TG: I get asked this question often, and I answer it off-the-top-of-my-head-ish every time. I’m sure some comic book fan’s going to collate my answers and call me out for breaking my own continuity.

I started watching as a five-year-old with my dad, who used me as his own personal, prepubescent jobber. He wisely died in 1996, sparing himself much painful karma.

My influences? I worship the Rock. I love the actual wrestling of William Regal who makes ordinary holds extraordinary. Of late, I’ve studied numerous old tapes and discovered or rediscovered Jake Roberts, Eddie Gilbert, Bob Orton, Jr., Ray Stevens, Nick Bockwinkel, Arn Anderson, Buddy Rogers, Billy Graham, Pat Patterson, Art Barr, and Eddie Guerrero, to name only a few.

Commentary-wise? Heenan, Piper, Cornette–another guy I worship–and especially Jesse “The Body” Ventura.

CG: In the history of wrestling, there have been many openly gay wrestlers, Pat Patterson being the first to come to mind, though none have ever come out to the fans.

TG: I’m glad you’ve made that distinction. This story has sort of outrun the reality. I’m certainly not claiming to be the first gay man in wrestling, and I hold Mister Patterson and the many others who’ve come before me in the highest esteem. I’m gay; I’m out; and I’m a pro wrestler. That’s all I personally am laying claim to–nothing more, and nothing less.

CG: Do you think the fanbase in general is ready to accept an openly gay wrestler?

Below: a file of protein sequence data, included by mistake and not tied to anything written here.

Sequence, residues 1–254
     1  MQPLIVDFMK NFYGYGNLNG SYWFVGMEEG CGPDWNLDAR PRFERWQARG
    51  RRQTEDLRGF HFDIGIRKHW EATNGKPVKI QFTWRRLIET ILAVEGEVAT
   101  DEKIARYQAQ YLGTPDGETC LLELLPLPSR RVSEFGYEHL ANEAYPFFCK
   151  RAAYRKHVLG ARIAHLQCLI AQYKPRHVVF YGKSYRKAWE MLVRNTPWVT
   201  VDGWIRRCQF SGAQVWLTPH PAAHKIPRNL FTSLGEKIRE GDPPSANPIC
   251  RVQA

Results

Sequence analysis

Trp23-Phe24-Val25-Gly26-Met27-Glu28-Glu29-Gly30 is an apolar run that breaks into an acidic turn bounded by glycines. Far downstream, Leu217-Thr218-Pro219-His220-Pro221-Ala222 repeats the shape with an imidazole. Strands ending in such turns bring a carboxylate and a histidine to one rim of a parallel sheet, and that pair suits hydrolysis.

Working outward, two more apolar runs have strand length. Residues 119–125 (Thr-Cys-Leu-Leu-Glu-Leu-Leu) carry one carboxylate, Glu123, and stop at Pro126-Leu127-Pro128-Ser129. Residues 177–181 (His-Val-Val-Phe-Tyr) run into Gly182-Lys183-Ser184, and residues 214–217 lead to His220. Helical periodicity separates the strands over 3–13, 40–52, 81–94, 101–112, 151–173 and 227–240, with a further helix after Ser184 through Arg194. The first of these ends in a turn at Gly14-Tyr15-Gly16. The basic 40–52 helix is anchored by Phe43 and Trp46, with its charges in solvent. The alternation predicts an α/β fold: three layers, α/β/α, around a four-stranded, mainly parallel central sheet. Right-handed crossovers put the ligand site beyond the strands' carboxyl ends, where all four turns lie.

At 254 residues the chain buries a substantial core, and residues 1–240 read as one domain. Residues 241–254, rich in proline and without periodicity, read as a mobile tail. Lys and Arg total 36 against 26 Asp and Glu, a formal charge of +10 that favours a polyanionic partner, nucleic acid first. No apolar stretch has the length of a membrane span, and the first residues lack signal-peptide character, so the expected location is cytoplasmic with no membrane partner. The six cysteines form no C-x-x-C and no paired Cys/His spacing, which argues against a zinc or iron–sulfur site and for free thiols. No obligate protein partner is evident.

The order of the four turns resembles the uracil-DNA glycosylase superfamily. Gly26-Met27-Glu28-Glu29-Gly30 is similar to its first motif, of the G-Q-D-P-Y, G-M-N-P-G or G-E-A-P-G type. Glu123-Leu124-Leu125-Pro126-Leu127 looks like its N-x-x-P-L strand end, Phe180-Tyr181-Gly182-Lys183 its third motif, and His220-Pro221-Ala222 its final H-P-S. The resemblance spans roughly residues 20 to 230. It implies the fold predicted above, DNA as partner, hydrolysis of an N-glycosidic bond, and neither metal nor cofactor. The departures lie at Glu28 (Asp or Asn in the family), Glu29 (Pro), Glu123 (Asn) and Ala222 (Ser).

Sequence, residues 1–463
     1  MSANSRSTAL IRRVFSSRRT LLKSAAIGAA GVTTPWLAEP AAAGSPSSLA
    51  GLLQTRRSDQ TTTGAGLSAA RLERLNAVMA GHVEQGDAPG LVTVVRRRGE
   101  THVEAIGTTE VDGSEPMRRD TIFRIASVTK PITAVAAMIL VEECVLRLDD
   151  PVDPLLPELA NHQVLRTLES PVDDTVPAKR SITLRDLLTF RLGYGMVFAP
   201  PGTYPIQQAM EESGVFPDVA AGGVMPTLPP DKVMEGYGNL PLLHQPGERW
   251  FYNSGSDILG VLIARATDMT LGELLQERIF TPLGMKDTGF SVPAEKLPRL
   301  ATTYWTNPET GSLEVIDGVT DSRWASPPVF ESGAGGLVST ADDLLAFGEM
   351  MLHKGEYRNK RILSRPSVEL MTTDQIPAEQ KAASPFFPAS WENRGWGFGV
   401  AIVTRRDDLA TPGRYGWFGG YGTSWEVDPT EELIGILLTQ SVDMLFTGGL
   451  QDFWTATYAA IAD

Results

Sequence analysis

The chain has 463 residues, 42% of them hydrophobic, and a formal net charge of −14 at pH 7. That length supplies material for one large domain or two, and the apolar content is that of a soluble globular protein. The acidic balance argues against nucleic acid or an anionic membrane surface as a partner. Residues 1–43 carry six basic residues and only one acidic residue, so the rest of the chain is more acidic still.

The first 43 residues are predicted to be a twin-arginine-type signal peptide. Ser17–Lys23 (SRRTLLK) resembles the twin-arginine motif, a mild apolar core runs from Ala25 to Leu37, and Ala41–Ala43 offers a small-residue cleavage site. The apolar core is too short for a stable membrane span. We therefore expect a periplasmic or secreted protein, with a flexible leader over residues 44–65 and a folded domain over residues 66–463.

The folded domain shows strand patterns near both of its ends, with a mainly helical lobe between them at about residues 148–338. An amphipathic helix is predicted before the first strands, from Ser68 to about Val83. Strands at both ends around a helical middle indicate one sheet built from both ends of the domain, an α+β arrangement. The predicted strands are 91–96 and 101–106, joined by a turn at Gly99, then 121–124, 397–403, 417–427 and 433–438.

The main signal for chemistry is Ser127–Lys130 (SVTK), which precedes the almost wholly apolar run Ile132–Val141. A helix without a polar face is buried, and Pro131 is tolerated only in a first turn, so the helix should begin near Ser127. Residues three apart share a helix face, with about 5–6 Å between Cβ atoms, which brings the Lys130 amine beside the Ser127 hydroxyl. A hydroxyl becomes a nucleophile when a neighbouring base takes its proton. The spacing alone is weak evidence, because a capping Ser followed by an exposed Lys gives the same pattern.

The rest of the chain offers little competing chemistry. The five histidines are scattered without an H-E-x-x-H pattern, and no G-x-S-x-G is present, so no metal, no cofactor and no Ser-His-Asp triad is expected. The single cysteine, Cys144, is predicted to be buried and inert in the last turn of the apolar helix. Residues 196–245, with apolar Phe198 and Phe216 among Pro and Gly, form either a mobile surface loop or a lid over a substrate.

TG: This sentiment has been expressed to me, in a dubious, what’re-you-nuts? kind of way, by some wrestlers. But here’s the truth: if they’re ready, then there’s really no point in being out, is there?

That said, Midwest Pro Wrestling’s fans have really responded to my message: that is, boo The SpiderBaby for what he does, not who he is. And boo me they do!

CG: What is the atmosphere in the dressing room?

TG: It’s cool. Each wrestler there understands that my one and only priority is putting on a memorable show…just like his is.

goldustCG: How do you feel about characters like Exotic Adrian Street, Adorable Adrian Adonis, Goldust, and the West Hollywood Blondes?

TG: I find them generally disturbing, particularly the more modern ones. It disturbs me to think that these are the first images of tacitly, yet flamboyantly, gay men that many teen boys — pro wrestling’s largest modern demographic — will see. And the reactions these characters garner from the fans certainly don’t leave me very optimistic about how these kids relate to LGBT people. And I cringe to think what a gay teenager who sees these characters must think and feel.

CG: Do you see gay characters being more reasonably portrayed in the wrestling world in the near future?

TG: I hope so. Speaking generally, wrestling characters are more complex today than they were twenty years ago, and I’ve no reason to think gay characters will develop any differently. I’m somewhat heartened that, last year, WWE fans turned Billy and Chuck into de facto babyfaces…although it’s important to note that that turn hinged on treating homosexual love as a joke, and a mean-spirited joke, at that.

There’s plenty of room for improvement, and, hoping not too sound too messianic here, I’m doing what I can to create it.

CG: You’ve gotten far more press than any other indy worker I can think of. What’s next on your plate?

TG: What else? Governor of Minnesota, jack!